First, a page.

Coal miners’ health care bailouts riddled with dubious expenses, audit says

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Between 2011 and 2015, the Obama administration paid nearly $1 billion into health care funds of the United Mine Workers of America, including tens of millions of dollars to unverified and sometimes dubious beneficiaries and undocumented union administrative expenses, according to a U.S. government audit.

The former administration also paid expenses that should have been covered by coal mine operators, the audit concludes.

At times, when the government bureaucrats who made the payments asked for information about questionable costs, they were refused by union officials who told them the data “was not within [their] purview,” the document asserts.

Overall, the audit, published late last month by the Inspector General’s office of the U.S. Department of the Interior, recommends that the government agency involved in passing on the money “resolve” issues surrounding some $58.8 million, including $22 million apparently still sitting in union coffers. But it also points to many millions more in murky transactions and inaction that it deemed beyond its capacity to question.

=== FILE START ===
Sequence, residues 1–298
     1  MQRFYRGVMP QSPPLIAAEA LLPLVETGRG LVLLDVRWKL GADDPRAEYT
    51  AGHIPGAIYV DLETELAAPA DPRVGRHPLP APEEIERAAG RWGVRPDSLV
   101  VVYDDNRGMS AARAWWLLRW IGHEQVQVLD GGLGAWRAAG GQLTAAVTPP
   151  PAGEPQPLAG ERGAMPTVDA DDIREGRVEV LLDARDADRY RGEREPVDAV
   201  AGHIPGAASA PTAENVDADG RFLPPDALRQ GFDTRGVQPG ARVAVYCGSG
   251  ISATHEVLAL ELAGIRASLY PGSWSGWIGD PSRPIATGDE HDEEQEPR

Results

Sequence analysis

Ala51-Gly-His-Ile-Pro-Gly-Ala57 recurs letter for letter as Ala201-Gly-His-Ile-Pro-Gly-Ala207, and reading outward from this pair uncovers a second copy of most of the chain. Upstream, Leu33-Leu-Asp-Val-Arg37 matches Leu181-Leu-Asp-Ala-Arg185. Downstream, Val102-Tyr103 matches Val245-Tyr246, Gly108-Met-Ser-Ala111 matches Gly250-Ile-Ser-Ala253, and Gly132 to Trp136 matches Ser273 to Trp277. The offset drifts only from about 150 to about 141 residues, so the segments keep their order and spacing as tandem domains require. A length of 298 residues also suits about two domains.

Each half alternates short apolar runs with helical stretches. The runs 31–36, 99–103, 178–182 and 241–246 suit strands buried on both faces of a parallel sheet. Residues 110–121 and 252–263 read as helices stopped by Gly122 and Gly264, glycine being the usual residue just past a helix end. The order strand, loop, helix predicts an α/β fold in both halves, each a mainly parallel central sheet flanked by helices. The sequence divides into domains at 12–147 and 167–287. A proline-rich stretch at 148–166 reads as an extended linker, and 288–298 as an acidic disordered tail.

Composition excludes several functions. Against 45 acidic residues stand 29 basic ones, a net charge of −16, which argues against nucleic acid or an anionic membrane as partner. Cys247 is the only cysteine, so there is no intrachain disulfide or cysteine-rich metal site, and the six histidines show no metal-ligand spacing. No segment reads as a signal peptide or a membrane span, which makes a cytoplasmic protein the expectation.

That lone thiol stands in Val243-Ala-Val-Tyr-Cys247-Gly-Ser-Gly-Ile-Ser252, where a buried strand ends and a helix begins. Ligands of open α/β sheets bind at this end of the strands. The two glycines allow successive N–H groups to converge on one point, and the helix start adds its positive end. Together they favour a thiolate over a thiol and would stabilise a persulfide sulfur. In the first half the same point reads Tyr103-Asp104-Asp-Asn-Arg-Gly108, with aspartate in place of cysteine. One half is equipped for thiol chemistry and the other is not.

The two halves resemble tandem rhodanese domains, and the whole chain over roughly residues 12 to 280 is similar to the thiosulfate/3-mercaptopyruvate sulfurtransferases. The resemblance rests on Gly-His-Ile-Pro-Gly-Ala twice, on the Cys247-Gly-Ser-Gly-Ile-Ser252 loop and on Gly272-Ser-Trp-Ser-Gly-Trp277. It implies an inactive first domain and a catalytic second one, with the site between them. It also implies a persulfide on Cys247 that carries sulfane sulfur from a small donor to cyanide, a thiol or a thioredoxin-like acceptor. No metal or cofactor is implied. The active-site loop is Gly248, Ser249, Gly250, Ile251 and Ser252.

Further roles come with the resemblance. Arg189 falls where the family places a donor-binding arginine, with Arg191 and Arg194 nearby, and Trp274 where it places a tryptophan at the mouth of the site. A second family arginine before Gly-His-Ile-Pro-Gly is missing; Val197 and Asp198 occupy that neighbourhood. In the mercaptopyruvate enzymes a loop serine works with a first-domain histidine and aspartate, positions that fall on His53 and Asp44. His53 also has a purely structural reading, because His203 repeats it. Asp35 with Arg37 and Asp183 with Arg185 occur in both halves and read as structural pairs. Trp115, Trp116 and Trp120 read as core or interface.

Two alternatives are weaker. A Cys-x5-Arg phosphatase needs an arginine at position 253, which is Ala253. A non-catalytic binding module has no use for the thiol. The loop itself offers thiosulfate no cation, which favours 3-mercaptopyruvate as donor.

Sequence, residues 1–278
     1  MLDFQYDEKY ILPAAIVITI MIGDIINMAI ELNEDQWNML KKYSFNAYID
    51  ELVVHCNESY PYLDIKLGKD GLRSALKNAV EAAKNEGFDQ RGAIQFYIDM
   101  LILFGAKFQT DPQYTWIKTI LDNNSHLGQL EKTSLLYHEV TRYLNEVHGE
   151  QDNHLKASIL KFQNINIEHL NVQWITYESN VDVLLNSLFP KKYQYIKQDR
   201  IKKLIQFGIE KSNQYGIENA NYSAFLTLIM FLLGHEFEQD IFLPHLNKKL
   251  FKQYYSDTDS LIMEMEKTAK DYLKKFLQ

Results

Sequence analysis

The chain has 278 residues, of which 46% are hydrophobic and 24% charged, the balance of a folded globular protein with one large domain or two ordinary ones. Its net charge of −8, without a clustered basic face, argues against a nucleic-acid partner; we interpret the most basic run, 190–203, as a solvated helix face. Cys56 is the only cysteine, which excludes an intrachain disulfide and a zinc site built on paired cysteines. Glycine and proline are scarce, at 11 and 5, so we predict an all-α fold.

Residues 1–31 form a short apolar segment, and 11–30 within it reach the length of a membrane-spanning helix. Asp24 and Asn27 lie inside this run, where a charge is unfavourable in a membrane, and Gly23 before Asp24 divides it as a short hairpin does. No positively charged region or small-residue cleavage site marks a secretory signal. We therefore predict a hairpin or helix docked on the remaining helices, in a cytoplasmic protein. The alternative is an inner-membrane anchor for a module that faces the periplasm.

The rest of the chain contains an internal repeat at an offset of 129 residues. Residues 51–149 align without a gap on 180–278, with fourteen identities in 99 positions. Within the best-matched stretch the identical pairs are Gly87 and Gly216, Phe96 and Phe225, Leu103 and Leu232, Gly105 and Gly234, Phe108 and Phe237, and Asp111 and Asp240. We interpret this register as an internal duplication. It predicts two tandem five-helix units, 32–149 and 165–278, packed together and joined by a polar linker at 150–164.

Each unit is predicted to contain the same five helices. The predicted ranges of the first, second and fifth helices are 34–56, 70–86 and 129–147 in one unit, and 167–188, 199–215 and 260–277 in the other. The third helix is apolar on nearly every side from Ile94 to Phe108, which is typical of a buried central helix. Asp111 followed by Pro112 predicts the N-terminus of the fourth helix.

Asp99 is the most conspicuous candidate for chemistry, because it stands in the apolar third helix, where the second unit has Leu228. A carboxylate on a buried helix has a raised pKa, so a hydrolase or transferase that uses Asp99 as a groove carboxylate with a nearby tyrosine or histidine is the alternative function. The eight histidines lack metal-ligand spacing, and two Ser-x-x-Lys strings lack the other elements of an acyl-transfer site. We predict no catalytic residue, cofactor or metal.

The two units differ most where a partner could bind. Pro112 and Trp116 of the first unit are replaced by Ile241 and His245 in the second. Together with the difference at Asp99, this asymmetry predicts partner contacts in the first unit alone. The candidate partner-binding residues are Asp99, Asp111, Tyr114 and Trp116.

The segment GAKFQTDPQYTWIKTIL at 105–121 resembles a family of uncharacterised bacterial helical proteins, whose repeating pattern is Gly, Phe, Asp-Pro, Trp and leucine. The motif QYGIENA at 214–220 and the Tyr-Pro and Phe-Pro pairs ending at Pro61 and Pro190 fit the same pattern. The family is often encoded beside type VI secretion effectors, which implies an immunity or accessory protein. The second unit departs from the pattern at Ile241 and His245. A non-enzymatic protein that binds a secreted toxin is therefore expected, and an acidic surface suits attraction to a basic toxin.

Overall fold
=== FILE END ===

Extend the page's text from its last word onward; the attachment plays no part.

The report also charges that the federal agency’s “minimal oversight” has been “ineffective” and has not ensured that UMWA’s Health and Retirement Funds (UMWAF) “managed the federally supported health benefit plans in accordance with regulations and statutes”—that is, in legally acceptable fashion.

For their part, both the government agency—Interior’s Office of Surface Mining Reclamation and Enforcement (OSMRE) and the coal miners union have pushed back strongly against the auditors in the official response to the  report, arguing that the overseers have misconstrued the issues and miscalculated the financial numbers.

Among other things, OSMRE says that “the UMWAF has voluntarily provided us with a large amount of information about its enrollment and assignment practices, and said that  the auditors’ “statistics and examples”  were “incorrect or potentially misleading.”

OSMRE has also argued that Congressional legislation  only intended the agency to have a “narrow role” in the process.

Nonetheless, a spokesperson for the auditors told Fox News, “We stand behind our numbers.”

The densely worded audit…

Read the full article from the Source…

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